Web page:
Adoom

Adoom's 1972 Triumph 2000

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Using the body measurements in my factory service manual I found the centerline and ran a string down it.

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I made a much longer isosceles triangle from the front mounts and lined the subframe up with the center line.

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And raised the subframe up so the front mounts are not the lowest hanging thing under the car. The bolts are only there to hold the triangle, but I cut some holes to raise it up enough.

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They are higher now than the original triumph mounts. Yes.... I used some worn out cut off discs as washers.

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Then adjusted the height and measured it and measured it and measured it and measured it and measured it. Then temporarily welded it to my cross member so it doesn't move while I make the actual mounts.

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Brackets

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And welded. Not completely, I'll take it off and weld underneath. Standing on a stool(because the car is quite high up) leaning into the boot is not really the most comfortable welding position.

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I made some additional temporary 'jig' brackets that connect into the original shock top mounts. I made them removable so I can still get the cross member out.

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My replacement subframe bushes arrived last week. I thought I should at least replace the wobbly front ones before I weld in any mounts for it.

What a bitch of a job.

The bush is bonded into a metal sleeve and that is pressed into the subframe.

I drilled a bunch of holes through the rubber until I could get the center of the bush out, then I used the reciprocating saw to cut into the metal sleeve. After putting a couple of slits in it, removing the remains of the bush was easy. Despite being careful, the imprecise nature of the reciprocating saw meant I cut a bit deep in one place and made a groove in the subframe. But I was able to fix it up with the tig.

Then I had to press the new bushes in.

Hammer? Nope.

G-clamp? Nope.

Bit of exhaust pipe kinda the right diameter and using the vice? Sort of.

I ended up having to make two alloy rings. One to fit around the top of the bush and press on a metal lip. The other as a spacer because the bottom of the bush protrudes about 10mm.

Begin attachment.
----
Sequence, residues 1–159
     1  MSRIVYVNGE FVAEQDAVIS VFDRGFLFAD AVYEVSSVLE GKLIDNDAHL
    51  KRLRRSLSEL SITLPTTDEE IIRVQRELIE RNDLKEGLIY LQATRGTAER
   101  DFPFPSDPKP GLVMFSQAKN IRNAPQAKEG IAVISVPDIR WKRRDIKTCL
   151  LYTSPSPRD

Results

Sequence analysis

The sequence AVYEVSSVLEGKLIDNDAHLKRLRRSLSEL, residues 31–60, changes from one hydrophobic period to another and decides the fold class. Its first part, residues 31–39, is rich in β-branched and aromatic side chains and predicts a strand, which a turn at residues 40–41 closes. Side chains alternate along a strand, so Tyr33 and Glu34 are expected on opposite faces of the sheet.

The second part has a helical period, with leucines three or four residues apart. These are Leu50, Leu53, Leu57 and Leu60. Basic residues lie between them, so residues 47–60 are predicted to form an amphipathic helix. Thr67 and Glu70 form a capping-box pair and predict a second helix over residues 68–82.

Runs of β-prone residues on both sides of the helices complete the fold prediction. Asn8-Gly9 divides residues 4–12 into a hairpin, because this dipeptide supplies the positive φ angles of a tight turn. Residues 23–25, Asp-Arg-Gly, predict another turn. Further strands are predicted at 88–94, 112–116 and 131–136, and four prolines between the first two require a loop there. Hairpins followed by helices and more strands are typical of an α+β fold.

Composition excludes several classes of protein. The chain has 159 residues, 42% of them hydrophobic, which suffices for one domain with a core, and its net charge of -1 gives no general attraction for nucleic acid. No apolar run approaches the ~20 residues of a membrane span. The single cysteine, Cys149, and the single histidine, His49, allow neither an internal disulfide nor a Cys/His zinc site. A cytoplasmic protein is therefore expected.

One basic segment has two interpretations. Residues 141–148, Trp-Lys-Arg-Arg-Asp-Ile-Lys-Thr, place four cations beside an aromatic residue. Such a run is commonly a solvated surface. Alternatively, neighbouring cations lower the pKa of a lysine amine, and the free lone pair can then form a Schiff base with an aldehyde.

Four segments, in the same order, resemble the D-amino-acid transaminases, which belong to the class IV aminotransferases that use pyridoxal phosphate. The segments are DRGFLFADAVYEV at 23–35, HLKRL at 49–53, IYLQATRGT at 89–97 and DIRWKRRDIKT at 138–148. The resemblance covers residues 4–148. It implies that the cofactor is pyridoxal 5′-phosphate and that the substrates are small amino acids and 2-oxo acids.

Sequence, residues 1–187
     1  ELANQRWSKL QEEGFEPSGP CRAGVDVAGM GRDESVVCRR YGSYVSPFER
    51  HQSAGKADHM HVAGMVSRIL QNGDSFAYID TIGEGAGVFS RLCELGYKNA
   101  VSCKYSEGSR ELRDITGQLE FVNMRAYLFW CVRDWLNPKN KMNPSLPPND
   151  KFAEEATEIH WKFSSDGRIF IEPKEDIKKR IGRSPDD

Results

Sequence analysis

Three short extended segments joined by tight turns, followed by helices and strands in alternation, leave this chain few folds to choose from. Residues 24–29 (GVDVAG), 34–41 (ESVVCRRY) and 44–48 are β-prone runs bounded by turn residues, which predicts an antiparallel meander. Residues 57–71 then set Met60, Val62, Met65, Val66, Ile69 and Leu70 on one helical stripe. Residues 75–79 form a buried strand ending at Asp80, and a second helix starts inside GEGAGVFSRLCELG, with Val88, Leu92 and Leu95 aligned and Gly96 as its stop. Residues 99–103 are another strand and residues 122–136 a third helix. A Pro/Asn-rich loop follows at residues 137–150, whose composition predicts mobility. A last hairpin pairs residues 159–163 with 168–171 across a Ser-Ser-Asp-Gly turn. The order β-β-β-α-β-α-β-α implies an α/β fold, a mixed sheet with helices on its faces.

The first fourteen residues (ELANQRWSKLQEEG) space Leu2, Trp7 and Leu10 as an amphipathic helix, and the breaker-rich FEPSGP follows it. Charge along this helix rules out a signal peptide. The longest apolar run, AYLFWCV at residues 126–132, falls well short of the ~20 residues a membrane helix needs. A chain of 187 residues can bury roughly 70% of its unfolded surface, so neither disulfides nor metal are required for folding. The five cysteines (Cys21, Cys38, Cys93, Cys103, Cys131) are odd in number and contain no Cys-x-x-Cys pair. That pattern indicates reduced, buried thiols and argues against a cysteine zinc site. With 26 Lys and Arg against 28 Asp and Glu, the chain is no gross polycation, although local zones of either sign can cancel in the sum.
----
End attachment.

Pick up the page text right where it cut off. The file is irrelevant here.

And the vice, with a cheater bar. My poor vice.

Oh, and to make the rings... I used a holesaw in the lathe, which took a million years because I had to back out to clear the teeth every 0.0000000001mm depth of cut.

Then I asked the internet and found out about trepanning tools. So for the second ring, I made one of them out of the only HSS I had... 6mm square. It worked, but it was so thin it vibrated like motherfucker and cut millions of tiny needles. 

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AAAAAARGH!!

So with my two triangles connected to the subframe mounts, lined up with the centerline of the car and using the factory body reference points, I thought the subframe must be pretty straight.

Now I have reinstalled the suspension and wheels(no tyres).

I don't know what measurements to trust. According to my triangles the subframe is straight.

But with the wheels on I have measurements that disagree.

The factory adjustments are set to max toe out and max neg camber. Both sides are at the same height.

If I put a straight edge vertically against the wheel, both sides sit 20mm in from the top of the wheel arch. So You would think "it's in the middle".

I used a plumb bob to see where on the wheel arch the wheel center was and marked it on the wheel arch. I was having trouble getting an accurate measure using just the rear guard, so I measured from the mark to the A pillar (2030 both sides) and the B pillar (right side 1128, left side 1122) and the leading edge of the rear guard(right 365, left 364). So both wheels are the same distance front/back, right?

I've measured from the centerline of the car to the flat bit on the lower part of the sill, along the whole length, on both side of the car, the measurement is the same within about 5mm. So I thought I could use it to measure the toe angle.

So I got some 1800mm lengths of aluminium angle and attached it horizontally to both wheels. Then measured the distance between that and the sill(over a distance of 1300mm). According to that, the right wheel sticks ~10mm further out than the left wheel?!

The right wheel toes out by 0.8 degrees and the left wheel 0.2 degrees. Sure I could adjust that out, but I shouldn't need to and AFAIK it's a large percentage of the available adjustment. Or I could rotate the subframe anticlockwise(looking from above), but that would move the right wheel forward and the left wheel back and put my triangles off by heaps. 

 

So what's right and whats wrong?

A wonky subframe could cause it, but I would be surprised if my narrowed subframe was wonky, the jig I used to narrow it was/is substantial.

 

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So I fitted my modified cross member to the yellow one to use as a reference to work out what's going on with the rear alignment.